5 Essential Tips for Diagnosing Water Faucet Problems
A home with one faucet that leaks one drip per minute already wastes 34 gallons of water every year. Make that a leak rate of one drip per second, and in one year, it would’ve wasted almost 2,100 gallons of water!
Now, consider that an average shower uses 17.2 gallons of water. That means you could have taken more than 120 showers with all that wasted water!
That’s said, you should never delay fixing water faucet problems. The earlier you detect these issues, the sooner you can fix them and keep them from turning into giant leaks.
Leaks aren’t your only faucet enemy though, as there is a multitude of issues that can affect them. Don’t worry though, as that’s exactly what we’re here to help you prevent. Keep reading to learn how to detect, diagnose, and possibly correct these problems!
1. Determining Water Faucet Leaks
One of the surefire signs you have a leak is an unexplainable increase in your water bills. Granted, Gilbert, AZ has had an increase in water rates back in 2018. But if your latest water bill is too high and there wasn’t any change in your water use, that’s a sign of water leaks.
The thing is, a leaky faucet isn’t always obvious, as the leak may be at the fixture’s base and not the spout. This is harder to notice since such leaks usually occur only when the faucet is running. It’s even more difficult to detect if the leak is at the faucet’s supply line, which is usually under the sink.
To check for a potential leak, have everyone at home stop using the water first. No faucets or toilet flush tanks should be running. Then, check your water meter — the pin or dial should be steady and not moving.
Most meters are outside of homes, near the curb by the front of a property. If you can’t find it there, it may be in the basement or near the water heater tank, somewhere close to the main water valve.
If the water meter is still running, take that as a sign you have a water leak. The next step is to determine which exact faucet is leaking.
2. Faucet Leaks You May Be Able to Repair on Your Own
Start by drying each faucet and the surrounding area and then running each of them, one at a time, for about a minute. Stop the flow and check the very base of the fixture — where the faucet body attaches to the sink. Water pooling there means that the leak is at the base of the faucet.
In this case, you may only have to replace the faucet’s damaged or dried-up O-ring. This part serves as a seal, so if it’s old or worn out, it lets water seep out of it.
If the sink is dry after the leak test, check and feel the supply line under it — if possible. If it’s damp or wet, or if the floor right under it has drops of water, then the leak is at the supply line. If you can easily access the supply line, tighten the fittings with a wrench.
Be careful though, as the supply tube is quite soft that you may end up puncturing it. If you’re not keen on doing this DIY task, consider hiring a local plumbing expert to carry out the faucet repair.
3. Dealing with Weak Water Flow or Low Water Pressure
Lack of water pressure or weak flow is a common side effect of hard water, the kind of water supplied to 90% of U.S. homes. The minerals in hard water can settle in and around faucet bodies and spouts. The sediments can harden inside the faucets and partially block the water’s path.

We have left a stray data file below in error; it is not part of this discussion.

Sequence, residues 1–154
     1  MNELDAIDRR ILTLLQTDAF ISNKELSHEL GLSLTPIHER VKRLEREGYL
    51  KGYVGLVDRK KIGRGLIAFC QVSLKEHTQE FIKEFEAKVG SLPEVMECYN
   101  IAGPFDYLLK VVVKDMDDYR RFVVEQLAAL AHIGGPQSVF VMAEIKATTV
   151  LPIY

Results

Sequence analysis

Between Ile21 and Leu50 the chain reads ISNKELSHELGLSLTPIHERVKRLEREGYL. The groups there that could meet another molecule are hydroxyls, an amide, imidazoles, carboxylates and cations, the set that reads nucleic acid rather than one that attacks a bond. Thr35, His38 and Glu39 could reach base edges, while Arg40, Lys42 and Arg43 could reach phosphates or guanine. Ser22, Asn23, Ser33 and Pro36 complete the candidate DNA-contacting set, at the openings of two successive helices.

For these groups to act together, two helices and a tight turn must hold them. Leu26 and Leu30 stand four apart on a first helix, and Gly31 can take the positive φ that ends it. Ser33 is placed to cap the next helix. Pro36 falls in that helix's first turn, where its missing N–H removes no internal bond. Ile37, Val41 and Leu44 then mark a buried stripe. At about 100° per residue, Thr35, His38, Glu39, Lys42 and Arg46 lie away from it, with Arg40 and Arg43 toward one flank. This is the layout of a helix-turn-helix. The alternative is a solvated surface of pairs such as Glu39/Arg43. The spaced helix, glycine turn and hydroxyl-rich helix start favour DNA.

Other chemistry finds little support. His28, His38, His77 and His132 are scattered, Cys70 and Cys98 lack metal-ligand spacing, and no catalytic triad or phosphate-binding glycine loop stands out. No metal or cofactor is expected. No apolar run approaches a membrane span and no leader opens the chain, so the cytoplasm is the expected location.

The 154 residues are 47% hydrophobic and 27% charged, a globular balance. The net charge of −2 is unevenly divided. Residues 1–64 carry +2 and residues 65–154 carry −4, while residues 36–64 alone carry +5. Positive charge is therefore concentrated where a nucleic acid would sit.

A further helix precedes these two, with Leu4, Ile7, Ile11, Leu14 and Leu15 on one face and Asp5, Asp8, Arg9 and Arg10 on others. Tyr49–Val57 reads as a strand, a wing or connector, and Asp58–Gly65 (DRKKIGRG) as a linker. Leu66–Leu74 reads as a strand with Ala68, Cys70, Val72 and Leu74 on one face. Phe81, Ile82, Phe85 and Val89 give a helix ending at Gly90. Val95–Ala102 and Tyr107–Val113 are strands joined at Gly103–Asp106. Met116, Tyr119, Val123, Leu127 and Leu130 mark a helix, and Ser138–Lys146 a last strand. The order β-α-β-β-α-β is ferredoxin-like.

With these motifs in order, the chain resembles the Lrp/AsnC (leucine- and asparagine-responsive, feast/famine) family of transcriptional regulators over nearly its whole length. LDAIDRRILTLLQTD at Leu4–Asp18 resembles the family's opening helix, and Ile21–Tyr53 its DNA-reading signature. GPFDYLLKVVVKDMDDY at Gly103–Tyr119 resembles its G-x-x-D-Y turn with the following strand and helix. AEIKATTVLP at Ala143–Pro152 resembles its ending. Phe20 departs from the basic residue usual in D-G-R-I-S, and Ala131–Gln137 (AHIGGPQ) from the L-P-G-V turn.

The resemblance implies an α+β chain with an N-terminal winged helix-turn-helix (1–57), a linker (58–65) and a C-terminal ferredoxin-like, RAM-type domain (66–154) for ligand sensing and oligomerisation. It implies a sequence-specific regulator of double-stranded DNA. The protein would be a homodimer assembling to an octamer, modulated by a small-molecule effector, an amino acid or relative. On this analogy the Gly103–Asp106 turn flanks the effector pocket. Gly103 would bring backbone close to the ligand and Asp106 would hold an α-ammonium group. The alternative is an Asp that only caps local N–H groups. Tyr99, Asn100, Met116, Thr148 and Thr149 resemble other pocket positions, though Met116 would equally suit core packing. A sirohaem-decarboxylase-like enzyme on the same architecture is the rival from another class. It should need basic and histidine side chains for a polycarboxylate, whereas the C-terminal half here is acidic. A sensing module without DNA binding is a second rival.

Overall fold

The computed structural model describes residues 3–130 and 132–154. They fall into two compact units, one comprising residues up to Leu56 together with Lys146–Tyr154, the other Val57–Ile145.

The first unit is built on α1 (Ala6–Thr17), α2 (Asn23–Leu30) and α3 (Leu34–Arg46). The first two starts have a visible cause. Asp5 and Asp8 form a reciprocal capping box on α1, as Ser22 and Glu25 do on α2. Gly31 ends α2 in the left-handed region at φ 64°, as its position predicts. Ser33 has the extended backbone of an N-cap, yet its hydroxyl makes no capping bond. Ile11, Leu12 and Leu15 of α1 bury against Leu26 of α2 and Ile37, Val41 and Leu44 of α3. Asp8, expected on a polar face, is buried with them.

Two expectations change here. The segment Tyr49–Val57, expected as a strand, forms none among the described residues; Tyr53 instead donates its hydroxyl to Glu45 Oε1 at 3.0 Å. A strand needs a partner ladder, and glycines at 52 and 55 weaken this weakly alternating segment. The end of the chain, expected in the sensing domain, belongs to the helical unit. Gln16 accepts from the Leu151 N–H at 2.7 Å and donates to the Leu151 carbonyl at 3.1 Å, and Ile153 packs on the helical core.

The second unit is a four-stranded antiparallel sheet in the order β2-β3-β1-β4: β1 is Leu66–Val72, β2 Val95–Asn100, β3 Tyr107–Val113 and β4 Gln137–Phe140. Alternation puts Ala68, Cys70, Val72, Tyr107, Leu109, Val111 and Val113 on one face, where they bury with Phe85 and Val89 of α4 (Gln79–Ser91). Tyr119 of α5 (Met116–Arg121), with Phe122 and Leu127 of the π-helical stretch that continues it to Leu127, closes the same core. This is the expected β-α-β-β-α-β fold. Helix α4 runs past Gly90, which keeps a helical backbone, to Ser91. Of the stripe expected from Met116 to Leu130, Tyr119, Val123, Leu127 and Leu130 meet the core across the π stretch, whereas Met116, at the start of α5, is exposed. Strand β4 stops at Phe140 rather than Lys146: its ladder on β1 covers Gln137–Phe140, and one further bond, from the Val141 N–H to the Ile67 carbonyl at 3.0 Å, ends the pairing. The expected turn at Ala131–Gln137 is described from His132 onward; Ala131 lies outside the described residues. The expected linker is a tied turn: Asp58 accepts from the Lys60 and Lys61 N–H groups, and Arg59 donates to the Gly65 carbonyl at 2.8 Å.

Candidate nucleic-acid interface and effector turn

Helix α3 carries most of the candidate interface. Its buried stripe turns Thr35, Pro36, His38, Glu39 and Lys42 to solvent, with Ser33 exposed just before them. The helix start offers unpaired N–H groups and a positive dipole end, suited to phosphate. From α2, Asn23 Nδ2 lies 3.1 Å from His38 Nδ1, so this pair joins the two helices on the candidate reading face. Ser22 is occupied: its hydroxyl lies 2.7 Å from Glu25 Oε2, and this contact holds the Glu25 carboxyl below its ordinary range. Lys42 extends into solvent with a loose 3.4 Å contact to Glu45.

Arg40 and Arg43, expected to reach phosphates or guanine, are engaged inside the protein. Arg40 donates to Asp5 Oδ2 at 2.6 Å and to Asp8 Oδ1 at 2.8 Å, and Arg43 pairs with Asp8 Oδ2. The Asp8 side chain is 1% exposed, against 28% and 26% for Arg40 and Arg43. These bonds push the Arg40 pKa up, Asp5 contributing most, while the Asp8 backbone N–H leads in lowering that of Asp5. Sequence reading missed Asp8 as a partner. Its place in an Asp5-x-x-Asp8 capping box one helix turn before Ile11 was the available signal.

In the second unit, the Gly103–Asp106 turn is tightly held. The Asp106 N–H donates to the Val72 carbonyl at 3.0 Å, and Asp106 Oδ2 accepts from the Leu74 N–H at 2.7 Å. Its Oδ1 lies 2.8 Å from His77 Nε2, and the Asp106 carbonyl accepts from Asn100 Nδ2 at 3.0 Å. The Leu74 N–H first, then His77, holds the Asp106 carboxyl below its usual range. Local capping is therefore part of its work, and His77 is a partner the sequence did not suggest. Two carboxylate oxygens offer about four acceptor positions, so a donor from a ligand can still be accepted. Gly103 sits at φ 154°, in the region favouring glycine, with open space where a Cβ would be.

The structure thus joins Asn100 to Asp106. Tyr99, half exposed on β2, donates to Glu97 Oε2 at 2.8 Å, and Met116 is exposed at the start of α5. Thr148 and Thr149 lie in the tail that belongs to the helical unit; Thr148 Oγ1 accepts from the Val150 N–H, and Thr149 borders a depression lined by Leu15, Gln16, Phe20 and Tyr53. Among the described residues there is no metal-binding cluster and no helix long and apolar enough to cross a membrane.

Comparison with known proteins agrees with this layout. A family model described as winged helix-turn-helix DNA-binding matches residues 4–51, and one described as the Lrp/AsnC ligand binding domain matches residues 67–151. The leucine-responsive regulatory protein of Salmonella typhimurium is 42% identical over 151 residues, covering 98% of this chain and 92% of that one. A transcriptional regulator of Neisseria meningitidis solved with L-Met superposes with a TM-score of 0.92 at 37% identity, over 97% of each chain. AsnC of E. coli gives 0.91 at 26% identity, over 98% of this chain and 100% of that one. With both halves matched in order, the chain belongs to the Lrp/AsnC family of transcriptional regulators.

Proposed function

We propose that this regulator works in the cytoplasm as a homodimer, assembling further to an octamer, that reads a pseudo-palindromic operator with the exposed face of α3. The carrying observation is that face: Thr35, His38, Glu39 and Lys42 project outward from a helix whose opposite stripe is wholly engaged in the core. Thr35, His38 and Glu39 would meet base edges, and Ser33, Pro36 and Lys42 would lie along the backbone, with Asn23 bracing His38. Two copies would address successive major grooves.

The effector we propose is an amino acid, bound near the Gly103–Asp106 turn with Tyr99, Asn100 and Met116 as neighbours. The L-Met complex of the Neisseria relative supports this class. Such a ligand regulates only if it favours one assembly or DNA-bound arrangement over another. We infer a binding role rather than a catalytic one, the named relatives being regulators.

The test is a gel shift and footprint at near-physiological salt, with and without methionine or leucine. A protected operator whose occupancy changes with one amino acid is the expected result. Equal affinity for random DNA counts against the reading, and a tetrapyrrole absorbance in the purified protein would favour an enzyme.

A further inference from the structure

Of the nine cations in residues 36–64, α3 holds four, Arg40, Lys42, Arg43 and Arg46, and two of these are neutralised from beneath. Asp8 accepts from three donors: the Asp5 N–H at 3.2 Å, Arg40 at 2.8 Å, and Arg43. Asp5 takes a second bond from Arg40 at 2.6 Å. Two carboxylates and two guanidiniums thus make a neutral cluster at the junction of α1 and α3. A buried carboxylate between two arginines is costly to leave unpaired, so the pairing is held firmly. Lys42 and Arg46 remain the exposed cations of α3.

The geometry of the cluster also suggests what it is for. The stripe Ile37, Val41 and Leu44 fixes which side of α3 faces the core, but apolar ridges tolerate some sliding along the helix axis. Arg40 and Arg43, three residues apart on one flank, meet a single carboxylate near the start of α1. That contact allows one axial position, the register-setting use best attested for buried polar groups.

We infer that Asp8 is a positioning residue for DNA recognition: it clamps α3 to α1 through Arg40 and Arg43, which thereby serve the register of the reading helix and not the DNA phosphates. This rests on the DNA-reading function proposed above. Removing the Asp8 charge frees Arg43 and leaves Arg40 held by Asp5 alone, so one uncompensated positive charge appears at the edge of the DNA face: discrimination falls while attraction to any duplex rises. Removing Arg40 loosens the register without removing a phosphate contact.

One of the easiest water faucet tips for weak flows is to soak the spout in a bag filled with water and vinegar. Let it sit overnight so that the vinegar’s acid can disintegrate the mineral buildup. You should also consider installing a water softener to prevent future sediment build-up.
4. Getting Rid of Noises from Faulty Faucets
Is one of your faucets making a screeching sound every time you run it? If so, then that’s a sign of a worn, hardened, or frayed rubber washer. The sound occurs as the water passes over the washer and tries to escape the seal.
Luckily, replacement washers are inexpensive and available in most hardware stores. You do have to disassemble the faucet though, so it requires a bit of faucet knowledge and DIY skills.
If what you’re hearing is more of a clicking or clanking sound, that may signal a broken-off faucet piece. Especially if you only hear the sound when running the water. In this case, a piece of metal may have chipped off and is banging against the sides of the faucet due to the flow of water.
While the noise itself may be a minor issue, the fact that the faucet broke means it won’t last that much longer. It would be best to get a replacement ASAP.
5. Faucet Handle is Super Hard to Turn or Operate
In many cases, this is again due to sediment build-up that may have caked the faucet’s cartridge. Old age may have also damaged its internal parts, preventing you from turning the handle.
If the fixture doesn’t appear to have cracks, use the vinegar and water faucet repair trick first. If this doesn’t work, try putting some silicone-based lubricant around the handle. If neither solves the problem, you may already need a faucet replacement.
Don’t Let Faucet Problems Stress You Out
As you can see, some water faucet problems are easy to solve, while others need professional help. What’s important is to ensure you get these issues fixed ASAP, otherwise, you may end up with huge water leaks. From there, they can get big enough to cause indoor flooding and water damage.
If you’re dealing with multiple faucet issues, please don’t hesitate to connect with us now. We can determine which exact faucets are giving you headaches, and from there, fix them right on the spot.